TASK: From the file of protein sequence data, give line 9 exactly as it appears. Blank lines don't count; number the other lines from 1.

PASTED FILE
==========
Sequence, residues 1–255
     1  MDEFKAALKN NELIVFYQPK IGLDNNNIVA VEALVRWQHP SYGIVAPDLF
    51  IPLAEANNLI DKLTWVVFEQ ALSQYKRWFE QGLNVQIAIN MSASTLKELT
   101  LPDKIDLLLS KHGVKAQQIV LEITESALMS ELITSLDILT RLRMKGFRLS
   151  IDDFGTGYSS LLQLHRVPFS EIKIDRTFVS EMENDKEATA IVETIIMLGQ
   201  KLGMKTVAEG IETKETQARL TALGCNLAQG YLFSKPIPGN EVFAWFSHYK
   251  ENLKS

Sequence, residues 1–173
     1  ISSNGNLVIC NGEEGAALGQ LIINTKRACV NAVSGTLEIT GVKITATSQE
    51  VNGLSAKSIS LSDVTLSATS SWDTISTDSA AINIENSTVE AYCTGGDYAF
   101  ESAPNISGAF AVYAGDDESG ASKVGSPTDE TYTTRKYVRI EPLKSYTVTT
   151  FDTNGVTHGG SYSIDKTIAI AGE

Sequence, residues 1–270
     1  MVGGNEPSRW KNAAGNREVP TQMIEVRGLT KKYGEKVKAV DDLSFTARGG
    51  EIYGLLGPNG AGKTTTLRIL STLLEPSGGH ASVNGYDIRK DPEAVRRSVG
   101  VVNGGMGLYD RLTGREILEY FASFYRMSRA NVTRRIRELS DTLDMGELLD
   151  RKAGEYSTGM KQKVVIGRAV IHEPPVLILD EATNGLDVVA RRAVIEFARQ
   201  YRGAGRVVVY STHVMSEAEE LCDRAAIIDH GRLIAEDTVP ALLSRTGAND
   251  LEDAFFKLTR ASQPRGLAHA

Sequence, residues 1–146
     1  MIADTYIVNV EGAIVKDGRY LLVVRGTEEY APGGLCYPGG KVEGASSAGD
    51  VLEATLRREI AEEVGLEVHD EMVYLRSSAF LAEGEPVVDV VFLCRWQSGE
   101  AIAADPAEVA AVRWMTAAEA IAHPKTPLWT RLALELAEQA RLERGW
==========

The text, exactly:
     1  ISSNGNLVIC NGEEGAALGQ LIINTKRACV NAVSGTLEIT GVKITATSQE